Americans Back Obama In Fiscal Cliff Negotiations By 2-To-1 Margin

Chris Greenhough

A new Gallup poll has revealed that Americans support President Barack Obama in the "fiscal cliff" negotiations by a margin of 2-to-1.

Little progress has been made in the negotiations, which have remained gridlocked since the "Plan B" proposed by Speaker John Boehner and congressional Republicans failed last week. Should an agreement not be reached by the time 2013 ticks over, a combination of automatic spending cuts and expired tax cuts will kick in, raising taxes for the vast majority of Americans.

Should such a scenario unfold, Gallup's poll suggests the majority of Americans will pin the blame on congressional Republicans. The poll reveals that 54% of Americans approve of Obama's handling of the negotiations, up from 48% a week ago. That contrasts sharply with the approval ratings for Boehner - only 26% of Americans are happy with Speaker Boehner's performance in negotiations.

A similar pattern can be found in the approval ratings for each party. 45% of Americans approve of how congressional Democrats have handled the negotiations, while only 26% are content with the performance of congressional Republicans.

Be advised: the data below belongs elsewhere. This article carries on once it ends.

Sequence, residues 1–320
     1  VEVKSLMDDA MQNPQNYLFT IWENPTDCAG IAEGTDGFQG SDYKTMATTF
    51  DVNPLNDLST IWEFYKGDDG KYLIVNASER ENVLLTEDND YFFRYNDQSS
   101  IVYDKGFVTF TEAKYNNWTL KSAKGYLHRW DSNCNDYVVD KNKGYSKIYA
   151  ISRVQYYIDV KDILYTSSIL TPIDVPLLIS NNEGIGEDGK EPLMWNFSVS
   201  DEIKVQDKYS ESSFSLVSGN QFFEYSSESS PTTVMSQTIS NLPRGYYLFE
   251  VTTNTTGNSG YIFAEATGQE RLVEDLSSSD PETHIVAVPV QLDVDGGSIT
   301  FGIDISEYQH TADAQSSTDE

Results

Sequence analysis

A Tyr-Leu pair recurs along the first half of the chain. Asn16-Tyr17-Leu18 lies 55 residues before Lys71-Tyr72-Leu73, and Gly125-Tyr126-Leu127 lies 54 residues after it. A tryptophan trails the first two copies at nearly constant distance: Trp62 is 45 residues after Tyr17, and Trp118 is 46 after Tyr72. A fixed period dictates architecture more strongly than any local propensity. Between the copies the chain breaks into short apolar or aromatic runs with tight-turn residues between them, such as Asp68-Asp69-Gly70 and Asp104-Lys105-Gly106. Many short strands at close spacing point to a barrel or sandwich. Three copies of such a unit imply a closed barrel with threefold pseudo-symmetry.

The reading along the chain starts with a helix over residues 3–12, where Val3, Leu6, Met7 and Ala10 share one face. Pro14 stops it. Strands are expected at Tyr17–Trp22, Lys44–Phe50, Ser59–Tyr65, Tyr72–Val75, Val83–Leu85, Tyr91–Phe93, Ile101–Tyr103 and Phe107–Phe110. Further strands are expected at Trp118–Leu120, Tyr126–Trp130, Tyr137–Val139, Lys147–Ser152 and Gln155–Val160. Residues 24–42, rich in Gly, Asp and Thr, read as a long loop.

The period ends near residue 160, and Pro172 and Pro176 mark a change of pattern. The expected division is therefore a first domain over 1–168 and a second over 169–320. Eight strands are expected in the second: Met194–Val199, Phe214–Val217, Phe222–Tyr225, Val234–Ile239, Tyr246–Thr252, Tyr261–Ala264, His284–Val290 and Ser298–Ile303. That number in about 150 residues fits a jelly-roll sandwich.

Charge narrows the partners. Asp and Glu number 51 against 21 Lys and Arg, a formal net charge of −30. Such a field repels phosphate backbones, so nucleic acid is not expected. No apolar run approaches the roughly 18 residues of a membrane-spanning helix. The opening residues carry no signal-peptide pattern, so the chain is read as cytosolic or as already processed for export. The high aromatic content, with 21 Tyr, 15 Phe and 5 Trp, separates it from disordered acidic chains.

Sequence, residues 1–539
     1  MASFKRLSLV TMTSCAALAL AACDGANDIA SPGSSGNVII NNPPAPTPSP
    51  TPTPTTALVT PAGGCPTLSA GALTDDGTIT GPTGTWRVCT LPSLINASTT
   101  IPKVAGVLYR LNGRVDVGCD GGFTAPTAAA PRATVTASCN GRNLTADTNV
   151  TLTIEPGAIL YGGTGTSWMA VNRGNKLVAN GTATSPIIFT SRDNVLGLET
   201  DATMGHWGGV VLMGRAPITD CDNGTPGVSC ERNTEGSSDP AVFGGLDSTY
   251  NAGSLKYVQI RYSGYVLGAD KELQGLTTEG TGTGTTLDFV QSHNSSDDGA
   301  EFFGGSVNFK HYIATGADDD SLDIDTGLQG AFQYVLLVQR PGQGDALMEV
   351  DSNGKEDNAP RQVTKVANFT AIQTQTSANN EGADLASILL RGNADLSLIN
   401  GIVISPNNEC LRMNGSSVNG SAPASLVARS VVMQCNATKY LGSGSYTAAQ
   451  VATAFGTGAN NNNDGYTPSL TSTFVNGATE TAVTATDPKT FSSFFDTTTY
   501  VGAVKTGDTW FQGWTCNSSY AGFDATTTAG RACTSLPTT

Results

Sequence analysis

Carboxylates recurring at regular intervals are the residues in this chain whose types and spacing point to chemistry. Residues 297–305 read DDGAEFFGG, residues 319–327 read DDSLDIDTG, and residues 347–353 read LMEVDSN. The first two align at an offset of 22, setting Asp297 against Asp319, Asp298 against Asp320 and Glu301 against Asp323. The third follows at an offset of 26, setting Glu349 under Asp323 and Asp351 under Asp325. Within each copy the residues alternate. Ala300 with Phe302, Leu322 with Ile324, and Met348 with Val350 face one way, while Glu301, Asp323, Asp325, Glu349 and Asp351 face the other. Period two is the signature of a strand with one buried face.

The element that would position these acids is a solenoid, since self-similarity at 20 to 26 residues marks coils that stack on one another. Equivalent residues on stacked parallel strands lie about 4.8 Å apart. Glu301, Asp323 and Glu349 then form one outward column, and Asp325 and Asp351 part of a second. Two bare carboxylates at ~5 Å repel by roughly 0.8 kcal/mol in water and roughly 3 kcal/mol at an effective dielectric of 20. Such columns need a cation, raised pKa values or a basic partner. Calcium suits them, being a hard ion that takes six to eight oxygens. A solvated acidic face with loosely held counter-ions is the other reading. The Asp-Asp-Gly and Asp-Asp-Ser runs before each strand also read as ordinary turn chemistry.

A second Gallup poll reveals that Americans are pessimistic about any budget agreement being reached before January 1 in the negotiations. While 50% (down from 57% on December 16) still believe an agreement can be achieved, 48% are doubtful, up from 40% on December 16.

Earlier this week, President Obama cut short his vacation in Hawaii to head back to Washington and continue negotiations.

Should the economy head over the dreaded fiscal cliff, who do you feel should shoulder most of the blame? Sound off in the comments!